- If the computer had some serious design flaws or manufacturing flaws…hopefully they will have showed up…and then you know to completely stay away from that model.

But being cutting edge can be fun too…just darn expensive in the long run!

- Nick

- Too many "beachballs", read this: Beachballs
- Computer seems slower than it used to? Read this for some slow computer tips: Speedup
- Almost full hard drive? Some solutions. Out of Space
- Apple Battery Info. Battery
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But being cutting edge can be fun too…just darn expensive in the long run!
I use the same strategy when buying an auto. Let someone else suffer the depreciation while I get the advantage of saving big $$$! Of course like Nick, you need to know what you're buying. Lemon juice is very sour to drink!
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Quote:
Originally Posted by chscag View Post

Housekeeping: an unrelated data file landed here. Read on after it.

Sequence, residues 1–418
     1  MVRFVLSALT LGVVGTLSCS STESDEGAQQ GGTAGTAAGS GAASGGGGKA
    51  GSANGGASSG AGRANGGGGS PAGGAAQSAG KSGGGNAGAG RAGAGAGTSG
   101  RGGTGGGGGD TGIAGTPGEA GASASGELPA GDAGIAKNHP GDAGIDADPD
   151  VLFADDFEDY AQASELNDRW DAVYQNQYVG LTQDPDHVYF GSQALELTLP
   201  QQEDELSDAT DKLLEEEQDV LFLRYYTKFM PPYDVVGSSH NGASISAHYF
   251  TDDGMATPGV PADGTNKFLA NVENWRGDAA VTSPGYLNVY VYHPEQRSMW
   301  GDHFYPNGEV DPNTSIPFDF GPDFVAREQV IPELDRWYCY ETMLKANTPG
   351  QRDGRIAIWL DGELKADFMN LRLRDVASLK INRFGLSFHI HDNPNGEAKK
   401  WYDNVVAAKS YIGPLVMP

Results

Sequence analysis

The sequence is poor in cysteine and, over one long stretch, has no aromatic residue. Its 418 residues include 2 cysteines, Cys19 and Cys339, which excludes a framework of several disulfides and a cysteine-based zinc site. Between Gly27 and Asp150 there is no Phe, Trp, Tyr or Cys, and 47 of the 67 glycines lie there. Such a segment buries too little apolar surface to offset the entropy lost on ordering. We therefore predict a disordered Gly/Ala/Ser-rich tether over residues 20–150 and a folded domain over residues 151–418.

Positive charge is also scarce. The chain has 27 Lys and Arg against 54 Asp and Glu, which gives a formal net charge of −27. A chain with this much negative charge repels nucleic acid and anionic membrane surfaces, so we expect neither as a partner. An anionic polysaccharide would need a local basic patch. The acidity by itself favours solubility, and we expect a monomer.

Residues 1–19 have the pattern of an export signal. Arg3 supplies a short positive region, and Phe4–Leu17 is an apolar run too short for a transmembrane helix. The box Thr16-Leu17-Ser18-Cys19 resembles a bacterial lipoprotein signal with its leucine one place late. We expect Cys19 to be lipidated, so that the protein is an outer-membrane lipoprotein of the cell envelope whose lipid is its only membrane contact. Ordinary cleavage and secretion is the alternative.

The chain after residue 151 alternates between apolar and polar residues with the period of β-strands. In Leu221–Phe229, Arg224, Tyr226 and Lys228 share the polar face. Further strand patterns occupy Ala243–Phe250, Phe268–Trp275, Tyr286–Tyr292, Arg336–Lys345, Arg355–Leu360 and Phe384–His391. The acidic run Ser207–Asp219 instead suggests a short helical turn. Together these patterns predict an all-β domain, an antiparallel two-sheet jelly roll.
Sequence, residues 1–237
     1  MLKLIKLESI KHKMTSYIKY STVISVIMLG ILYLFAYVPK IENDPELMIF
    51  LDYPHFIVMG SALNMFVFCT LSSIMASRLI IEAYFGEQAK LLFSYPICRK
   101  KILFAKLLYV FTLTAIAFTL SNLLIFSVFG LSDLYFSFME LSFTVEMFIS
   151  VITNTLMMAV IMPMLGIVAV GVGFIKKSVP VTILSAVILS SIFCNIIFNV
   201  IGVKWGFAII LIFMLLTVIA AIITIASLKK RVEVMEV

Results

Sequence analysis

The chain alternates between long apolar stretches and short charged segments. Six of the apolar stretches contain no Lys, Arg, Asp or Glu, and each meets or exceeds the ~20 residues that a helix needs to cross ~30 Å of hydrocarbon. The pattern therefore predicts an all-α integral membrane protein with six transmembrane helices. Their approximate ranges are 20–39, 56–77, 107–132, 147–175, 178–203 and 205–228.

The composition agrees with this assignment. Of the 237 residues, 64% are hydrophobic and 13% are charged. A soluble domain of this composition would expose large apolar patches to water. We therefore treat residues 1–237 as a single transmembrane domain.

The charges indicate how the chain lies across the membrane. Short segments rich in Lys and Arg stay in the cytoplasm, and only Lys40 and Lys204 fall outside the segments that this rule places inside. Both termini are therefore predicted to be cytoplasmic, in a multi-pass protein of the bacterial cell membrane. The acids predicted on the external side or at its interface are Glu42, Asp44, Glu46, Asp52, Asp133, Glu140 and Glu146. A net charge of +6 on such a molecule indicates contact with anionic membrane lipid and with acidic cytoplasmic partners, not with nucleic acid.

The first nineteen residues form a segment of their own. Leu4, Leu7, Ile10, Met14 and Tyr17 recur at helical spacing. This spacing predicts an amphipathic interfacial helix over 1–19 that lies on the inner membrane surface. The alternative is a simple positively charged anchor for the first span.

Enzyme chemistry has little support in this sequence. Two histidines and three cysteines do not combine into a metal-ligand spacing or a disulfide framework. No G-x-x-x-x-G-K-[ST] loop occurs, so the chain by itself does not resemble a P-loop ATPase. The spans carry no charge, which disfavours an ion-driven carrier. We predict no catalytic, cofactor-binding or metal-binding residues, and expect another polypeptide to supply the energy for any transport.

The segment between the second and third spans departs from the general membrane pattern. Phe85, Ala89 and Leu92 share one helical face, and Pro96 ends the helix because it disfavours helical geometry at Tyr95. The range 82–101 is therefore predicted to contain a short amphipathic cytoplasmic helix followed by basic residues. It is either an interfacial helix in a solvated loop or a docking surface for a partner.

I use the same strategy when buying an auto. Let someone else suffer the depreciation while I get the advantage of saving big $$$! Of course like Nick, you need to know what you're buying. Lemon juice is very sour to drink!
I do the exact same thing with autos…I've never owned a brand new car in 31 years of driving! But I have had a TON of used ones!

And 100% totally agree…a person needs to know how to evaluate a used item…be it a computer or an automobile!

- Nick

- Too many "beachballs", read this: Beachballs
- Computer seems slower than it used to? Read this for some slow computer tips: Speedup
- Almost full hard drive? Some solutions. Out of Space
- Apple Battery Info. Battery